New York - Governor Ricardo Rosselló is going to try again to get a legislation that creates a $ 100 million Municipal Recovery Fund to help mayors keep their governments afloat after Hurricane Maria shrunk their income.
Rossello had planned to send to the Legislature yesterday a new version of the bill that establishes such fund, after the first one was vetoed by the Board that controls the public finances of the Island.
In order to comply with the objections made by the Board, the Governor announced that the fund will have "transparent" eligibility requirements to evaluate the fall in municipal collections.
It also proposes to create a structure that resembles the Community Disaster Loans (CDL) program from the federal government, and specify the accounts where the Treasury Department will finance the aid.
The proposed amendments include that the Fiscal Agency and Financial Advisory Authority (FAFAA) certify the need for the loans, which would be limited to $ 5 million per municipality.
"The Governor had submitted a bill for these purposes, which established by law the objective criteria to certify the municipal need. However, during the legislative process modifications were made to the way of allocating the resources of the Municipal Recovery Fund", indicates the Governor’s statement released yesterday by La Fortaleza.
The amendments to the original measure, which had the number 774 of the Senate, were discussed by FAFAA with the Board, in order to ensure its final approval, if the measure is ratified again by the Legislature. As it is a bill related to the budget, it requires the approval of the Board.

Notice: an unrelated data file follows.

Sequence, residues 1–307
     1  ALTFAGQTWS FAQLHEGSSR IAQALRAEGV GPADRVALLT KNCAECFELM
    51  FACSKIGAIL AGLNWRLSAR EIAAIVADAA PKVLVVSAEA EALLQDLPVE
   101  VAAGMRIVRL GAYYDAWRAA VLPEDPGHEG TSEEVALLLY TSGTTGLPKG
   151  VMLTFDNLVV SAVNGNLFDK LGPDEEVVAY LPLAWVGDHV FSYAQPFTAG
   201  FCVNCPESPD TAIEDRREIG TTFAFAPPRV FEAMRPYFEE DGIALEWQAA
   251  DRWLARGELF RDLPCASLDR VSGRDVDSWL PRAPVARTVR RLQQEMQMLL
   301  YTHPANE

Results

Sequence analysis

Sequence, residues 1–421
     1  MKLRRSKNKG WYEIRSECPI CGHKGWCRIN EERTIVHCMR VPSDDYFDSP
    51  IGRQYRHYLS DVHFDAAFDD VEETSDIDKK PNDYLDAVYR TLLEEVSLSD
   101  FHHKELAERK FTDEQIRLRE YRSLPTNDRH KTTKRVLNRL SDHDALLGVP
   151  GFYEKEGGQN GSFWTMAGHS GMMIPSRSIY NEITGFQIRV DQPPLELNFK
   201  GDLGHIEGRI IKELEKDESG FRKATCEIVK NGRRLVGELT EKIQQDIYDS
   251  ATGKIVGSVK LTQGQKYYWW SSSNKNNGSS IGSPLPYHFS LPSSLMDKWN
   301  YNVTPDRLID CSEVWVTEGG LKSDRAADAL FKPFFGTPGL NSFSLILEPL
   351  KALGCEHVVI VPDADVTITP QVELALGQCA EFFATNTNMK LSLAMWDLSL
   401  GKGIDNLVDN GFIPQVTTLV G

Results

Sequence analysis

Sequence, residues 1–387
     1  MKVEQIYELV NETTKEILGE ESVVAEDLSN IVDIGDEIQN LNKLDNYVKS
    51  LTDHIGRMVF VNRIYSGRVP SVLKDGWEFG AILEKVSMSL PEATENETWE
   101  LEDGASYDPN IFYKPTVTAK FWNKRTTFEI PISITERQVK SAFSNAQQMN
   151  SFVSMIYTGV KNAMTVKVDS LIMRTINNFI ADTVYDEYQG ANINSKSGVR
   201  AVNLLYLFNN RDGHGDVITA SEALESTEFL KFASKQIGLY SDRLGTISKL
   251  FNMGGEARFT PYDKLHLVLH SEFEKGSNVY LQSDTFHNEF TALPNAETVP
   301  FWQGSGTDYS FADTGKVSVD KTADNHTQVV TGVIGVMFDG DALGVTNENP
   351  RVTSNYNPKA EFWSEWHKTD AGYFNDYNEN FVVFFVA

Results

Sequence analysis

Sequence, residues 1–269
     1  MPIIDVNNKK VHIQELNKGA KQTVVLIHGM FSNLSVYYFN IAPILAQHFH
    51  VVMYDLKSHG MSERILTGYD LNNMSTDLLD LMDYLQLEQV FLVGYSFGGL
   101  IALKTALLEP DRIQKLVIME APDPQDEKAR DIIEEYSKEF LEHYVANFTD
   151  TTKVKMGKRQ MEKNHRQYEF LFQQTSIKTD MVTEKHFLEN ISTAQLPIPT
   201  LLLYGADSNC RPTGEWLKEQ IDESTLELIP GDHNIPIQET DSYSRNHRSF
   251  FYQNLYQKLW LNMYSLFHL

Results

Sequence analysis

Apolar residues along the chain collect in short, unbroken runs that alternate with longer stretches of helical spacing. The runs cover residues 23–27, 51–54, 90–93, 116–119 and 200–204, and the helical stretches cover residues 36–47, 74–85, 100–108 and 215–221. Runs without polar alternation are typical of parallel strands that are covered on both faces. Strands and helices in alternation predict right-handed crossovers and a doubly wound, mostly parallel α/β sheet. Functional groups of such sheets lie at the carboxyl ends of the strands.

"I am confident that this project will be approved quickly and this way it will provide the aid our mayors need for their recovery works as soon as possible," said Rosselló, who is in New York.
Rosselló acknowledged the crisis faced by the municipalities, many of which fear being left without liquidity this spring, and said that the revised fiscal plan, which he submitted to the Board a few days ago, seeks to postpone "the reduction of the municipal subsidy that the Board originally approved. "
Municipalities also seek to have access to the line of credit of the CDL program of the Federal Emergency Management Agency (FEMA) that Congress approved last October and total $ 4.9 billion.
The objective of the government of Puerto Rico is to obtain more than $ 4 billion of that loan. The Treasury will distribute the funds directly to the municipalities.
According to the mayor of Comerio and former president of the Association of Mayors, Josian Santiago, more than 40 municipalities may be left without sufficient liquidity to operate normally, unless they receive an injection of funds from the federal line of credit or from the local fund that Governor Rosselló is again trying to create.
To prevent the collapse, Santiago indicated that the Municipal Revenue Collection Center (CRIM, Spanish acronym) has advanced the municipalities’ months of income projections that it distributes monthly, but may need to sell old debts to comply with the rest of the fiscal year.
The mayors have already been guided on access to the federal line of credit, which must not exceed 25 percent of their budget. In the case of Comerío, with a budget of around $ 9 million and according to the evidence on the loss of income that it can provide, it could obtain up to about $ 2.25 million.
Regarding the fund that the governor proposes to create, Santiago indicated that he will wait to see the details, but that "in previous occasions there has been a distribution that has not been proportional for the municipalities that are not members of the rulig party."
Rosselló traveled to New York to have meetings with the Board and his own financial advisors. Today, he plans a press conference in the Bronx with the governor of New York, Andrew Cuomo.
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